Topical retinoid cream is sometimes prescribed, but can irritate the mouth. Oral retinoids may also be taken. However, both can cause birth defects and should not be taken by pregnant women or those who are planning on pregnancy close to the time of treatment. (viii.219)
Evidence of Turmeric's Benefit from University of California Clinical Trials
Medical staff from the Department of Orofacial Sciences at the university's School of Dentistry conducted a randomized, placebo-controlled clinical study in 2003-2004 involving patients with oral lichen planus. Participants were assigned to take either 2000 mg/day of curcuminoids or a placebo for 7 weeks. The patients were also treated with prednisone for the first week. However, the study was ended early when the first assessment failed to show any significant improvement. (viii.220, 225)
The researchers collected follow-up data from 25 of the 33 patients who participated in this clinical trial in 2009. Data showed that 18 of them continued to take curcuminoids for an average of 30 months, at doses of 500-3000 mg/day. Over half of these patients reported that the turmeric compounds definitely controlled their symptoms, while the rest of the patients (8 of 18) said they were unsure. (viii.227)
Second Clinical Trial Shows Higher Doses of Curcuminoids Are More Effective
Before this follow-up data was collected, the same university group conducted a second clinical trial involving 20 patients with the condition. This time patients were randomly assigned to take 6000 mg/day of curcuminoids or a placebo. Those who took the turmeric compounds showed clinically reduced symptoms (less redness and ulcers). (viii.222)
Turmeric Compounds Reduce Symptoms in 60% of Patients with Oral Lichen Planus
When follow-up data was collected almost 16 months later, all of the 20 participants in the second clinical trial had elected to continue taking curcuminoids. Doses ranged between 1000-6000 mg/day, with an average dose of about 5000 mg/day. Of the 19 patients, 2 of them reported no improvement of symptoms with doses of 1500-2500 mg/day. Another 5 said they were unsure. The remaining 12 felt that the curcuminoids had definitely helped with their symptoms. (viii.227)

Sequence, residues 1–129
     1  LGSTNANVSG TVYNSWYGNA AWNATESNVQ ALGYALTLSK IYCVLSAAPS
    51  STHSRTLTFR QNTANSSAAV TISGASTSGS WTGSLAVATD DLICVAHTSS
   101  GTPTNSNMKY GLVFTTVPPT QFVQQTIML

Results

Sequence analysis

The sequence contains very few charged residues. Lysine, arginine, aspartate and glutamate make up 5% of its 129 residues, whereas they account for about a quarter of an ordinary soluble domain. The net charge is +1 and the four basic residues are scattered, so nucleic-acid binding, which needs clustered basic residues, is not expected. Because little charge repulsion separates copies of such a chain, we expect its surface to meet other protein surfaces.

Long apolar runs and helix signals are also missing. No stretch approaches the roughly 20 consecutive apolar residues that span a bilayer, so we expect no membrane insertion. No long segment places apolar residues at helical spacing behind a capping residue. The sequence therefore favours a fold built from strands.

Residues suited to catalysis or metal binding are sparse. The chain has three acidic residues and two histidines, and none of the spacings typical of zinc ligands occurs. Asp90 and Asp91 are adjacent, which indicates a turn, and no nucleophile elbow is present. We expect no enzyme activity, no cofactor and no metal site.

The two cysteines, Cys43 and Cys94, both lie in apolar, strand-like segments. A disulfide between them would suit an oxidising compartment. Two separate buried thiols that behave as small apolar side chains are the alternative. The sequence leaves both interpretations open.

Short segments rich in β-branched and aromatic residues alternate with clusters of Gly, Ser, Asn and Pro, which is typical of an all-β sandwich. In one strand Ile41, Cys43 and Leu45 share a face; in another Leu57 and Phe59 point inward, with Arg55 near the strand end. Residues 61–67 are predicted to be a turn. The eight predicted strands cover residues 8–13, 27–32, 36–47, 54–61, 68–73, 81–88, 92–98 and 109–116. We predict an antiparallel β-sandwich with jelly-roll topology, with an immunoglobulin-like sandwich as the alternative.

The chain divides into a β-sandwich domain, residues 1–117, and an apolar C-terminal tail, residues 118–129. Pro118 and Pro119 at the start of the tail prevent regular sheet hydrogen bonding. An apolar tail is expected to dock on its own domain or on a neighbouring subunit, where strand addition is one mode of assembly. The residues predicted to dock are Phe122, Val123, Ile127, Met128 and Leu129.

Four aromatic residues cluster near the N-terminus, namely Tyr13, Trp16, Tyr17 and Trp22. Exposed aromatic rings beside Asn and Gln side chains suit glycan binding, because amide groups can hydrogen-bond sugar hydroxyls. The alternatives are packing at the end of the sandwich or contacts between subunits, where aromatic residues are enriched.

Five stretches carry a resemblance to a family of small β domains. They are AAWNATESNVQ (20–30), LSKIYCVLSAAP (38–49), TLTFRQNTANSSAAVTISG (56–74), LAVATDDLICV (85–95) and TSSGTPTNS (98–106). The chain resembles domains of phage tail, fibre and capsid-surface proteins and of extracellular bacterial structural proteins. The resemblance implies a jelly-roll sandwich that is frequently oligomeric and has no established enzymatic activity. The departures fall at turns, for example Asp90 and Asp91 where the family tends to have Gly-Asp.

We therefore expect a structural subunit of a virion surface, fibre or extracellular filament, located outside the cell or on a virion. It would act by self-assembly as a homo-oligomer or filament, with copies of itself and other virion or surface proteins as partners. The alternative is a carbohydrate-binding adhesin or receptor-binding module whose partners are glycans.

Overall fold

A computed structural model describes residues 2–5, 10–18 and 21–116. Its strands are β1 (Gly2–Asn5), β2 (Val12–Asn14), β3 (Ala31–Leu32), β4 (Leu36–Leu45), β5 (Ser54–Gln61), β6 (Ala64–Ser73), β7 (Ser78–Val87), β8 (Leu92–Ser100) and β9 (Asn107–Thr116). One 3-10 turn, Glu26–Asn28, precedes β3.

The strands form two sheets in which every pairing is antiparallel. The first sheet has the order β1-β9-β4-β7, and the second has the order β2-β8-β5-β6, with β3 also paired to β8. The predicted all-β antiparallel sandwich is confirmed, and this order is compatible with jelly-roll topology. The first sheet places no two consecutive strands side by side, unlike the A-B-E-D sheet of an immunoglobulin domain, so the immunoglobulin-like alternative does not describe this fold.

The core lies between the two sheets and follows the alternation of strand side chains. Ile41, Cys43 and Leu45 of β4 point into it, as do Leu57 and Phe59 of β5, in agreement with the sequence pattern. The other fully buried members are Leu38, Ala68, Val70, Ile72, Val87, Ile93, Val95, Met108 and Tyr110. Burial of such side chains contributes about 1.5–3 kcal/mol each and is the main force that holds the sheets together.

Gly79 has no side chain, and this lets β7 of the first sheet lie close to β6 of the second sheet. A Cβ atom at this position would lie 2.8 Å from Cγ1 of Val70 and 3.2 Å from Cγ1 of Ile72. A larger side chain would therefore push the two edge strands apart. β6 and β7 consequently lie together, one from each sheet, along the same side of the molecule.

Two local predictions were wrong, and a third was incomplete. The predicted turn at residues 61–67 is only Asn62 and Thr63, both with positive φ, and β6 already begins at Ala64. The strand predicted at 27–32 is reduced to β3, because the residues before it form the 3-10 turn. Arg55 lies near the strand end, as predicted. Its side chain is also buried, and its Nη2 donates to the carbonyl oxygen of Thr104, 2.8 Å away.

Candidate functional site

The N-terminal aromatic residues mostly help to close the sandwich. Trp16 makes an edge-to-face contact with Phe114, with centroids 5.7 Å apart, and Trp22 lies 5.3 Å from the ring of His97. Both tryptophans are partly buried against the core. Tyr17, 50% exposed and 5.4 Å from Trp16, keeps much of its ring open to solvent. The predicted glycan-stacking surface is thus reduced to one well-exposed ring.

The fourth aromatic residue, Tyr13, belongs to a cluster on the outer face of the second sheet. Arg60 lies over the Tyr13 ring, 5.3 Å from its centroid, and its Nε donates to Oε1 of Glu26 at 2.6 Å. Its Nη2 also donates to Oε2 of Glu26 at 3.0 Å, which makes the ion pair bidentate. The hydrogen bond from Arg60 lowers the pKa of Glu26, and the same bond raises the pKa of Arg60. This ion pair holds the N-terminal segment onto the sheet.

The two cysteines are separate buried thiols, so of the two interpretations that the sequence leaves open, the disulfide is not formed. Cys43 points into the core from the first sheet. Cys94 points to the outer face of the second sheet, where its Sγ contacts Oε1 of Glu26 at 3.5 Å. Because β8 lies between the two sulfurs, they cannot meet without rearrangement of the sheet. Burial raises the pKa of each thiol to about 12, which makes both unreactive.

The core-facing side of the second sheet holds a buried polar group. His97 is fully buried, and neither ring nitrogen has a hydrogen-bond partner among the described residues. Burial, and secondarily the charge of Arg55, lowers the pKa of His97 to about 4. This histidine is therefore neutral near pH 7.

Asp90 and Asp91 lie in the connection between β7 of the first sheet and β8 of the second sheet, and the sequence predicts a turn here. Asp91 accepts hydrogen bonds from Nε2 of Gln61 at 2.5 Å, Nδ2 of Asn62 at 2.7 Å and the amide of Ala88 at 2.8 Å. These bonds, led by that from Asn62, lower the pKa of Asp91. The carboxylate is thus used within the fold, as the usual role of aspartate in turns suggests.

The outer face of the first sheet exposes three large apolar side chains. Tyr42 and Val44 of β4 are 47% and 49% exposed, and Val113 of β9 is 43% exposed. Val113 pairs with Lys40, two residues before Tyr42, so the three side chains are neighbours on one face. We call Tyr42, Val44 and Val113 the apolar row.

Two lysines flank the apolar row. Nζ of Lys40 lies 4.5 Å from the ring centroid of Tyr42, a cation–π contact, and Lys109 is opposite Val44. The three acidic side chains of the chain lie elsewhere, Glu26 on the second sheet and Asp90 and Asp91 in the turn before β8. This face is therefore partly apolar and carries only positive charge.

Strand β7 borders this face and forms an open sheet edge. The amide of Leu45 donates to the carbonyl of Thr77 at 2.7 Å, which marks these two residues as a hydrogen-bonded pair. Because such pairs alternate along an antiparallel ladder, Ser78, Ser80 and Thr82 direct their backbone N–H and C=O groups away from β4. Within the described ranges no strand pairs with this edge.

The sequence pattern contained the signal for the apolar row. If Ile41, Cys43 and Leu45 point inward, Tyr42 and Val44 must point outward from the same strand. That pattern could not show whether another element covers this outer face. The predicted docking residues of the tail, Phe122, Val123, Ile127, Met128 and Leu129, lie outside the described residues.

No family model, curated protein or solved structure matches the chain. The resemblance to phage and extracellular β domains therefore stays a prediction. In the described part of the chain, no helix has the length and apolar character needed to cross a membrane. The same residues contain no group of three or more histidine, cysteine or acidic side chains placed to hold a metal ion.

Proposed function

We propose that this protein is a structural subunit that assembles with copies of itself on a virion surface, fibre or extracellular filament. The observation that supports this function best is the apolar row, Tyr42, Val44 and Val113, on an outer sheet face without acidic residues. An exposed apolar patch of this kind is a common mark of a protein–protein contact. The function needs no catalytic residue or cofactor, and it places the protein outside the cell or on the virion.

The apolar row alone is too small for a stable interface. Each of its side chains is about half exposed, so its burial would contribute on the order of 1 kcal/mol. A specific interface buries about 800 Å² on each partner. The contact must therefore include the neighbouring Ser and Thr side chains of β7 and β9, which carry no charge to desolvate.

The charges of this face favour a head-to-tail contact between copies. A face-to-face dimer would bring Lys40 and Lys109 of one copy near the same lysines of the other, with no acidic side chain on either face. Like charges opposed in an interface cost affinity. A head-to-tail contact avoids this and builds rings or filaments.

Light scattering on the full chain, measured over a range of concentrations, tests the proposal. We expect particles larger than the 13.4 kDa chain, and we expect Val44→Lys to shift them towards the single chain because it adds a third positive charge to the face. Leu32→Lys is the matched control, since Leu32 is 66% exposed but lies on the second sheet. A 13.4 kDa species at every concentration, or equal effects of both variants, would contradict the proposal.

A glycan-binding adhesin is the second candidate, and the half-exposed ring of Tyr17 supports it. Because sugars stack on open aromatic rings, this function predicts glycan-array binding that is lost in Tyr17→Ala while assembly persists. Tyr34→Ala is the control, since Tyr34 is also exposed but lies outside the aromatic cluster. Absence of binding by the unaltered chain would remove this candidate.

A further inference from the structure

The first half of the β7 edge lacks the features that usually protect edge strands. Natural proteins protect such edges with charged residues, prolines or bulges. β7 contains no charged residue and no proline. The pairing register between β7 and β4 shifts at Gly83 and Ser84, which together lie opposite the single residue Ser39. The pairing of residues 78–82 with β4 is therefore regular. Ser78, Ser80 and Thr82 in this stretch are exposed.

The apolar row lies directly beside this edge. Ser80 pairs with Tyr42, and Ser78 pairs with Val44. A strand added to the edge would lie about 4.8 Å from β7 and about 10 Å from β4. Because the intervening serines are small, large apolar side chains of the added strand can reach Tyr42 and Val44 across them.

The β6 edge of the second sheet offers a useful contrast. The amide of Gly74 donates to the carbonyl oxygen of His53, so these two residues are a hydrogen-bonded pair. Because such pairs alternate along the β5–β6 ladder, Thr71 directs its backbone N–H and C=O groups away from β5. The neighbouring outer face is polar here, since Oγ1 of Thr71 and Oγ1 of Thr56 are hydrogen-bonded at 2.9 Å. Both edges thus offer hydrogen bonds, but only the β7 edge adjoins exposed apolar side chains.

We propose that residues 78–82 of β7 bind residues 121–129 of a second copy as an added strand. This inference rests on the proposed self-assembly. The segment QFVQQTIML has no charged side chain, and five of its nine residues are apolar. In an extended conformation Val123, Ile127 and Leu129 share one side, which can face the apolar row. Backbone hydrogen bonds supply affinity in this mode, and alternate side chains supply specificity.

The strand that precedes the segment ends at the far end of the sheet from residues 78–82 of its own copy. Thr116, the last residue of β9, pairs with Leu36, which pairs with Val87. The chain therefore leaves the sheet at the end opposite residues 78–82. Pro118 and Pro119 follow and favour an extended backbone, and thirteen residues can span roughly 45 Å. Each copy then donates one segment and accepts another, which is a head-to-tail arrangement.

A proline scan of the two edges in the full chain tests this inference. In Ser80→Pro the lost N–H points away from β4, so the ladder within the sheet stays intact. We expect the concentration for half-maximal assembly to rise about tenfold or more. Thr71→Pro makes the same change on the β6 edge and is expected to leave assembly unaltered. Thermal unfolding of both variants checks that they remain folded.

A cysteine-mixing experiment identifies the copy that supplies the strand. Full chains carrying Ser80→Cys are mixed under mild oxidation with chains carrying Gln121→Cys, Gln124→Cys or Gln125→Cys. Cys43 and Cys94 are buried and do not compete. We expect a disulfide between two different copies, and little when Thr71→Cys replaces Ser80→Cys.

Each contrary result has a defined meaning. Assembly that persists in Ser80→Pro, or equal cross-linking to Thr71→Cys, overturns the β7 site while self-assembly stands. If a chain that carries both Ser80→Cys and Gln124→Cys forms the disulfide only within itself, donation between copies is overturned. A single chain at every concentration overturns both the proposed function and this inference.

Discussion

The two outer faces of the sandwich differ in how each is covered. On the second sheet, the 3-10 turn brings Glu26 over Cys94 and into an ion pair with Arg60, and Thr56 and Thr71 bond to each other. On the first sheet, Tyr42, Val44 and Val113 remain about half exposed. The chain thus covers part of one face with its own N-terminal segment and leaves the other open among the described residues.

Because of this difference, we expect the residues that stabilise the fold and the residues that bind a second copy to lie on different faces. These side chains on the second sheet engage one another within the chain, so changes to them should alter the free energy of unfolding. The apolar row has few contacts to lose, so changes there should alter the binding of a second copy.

Turmeric Compounds Are Effective and Have Less Risk of Serious Side Effects
In total, turmeric compounds relieved symptoms of oral lichen planus for 60% of patients from these two clinical trials. Side effects were mild (stomach ache and diarrhea) and occurred with higher doses in some patients. (viii.227)
These results suggest that curcuminoids from turmeric could provide a natural, effective alternative to corticosteroids and immunosuppressant prescription drugs, which can have more serious side effects. (viii.218-219, 226)
Potential Corticosteroid Side Effects (viii.218)
Potential Retinoid Side Effects (viii.218)
Potential Oral Immunosuppressant Side Effects (viii.225)
- Hair loss
- Hepatosplenic T-cell lymphoma (rare and usually fatal; in patients who also have inflammatory bowel disease)
- Increased infections
- Liver damage
- Skin conditions
- Stomach ache
Adverse side effects from corticosteroids, retinoids, and immunosuppressant drugs usually occur with chronic use. Since oral lichen planus is typically a chronic condition, turmeric may also be a safer choice than prescription drugs for oral lichen planus. (viii.218-219)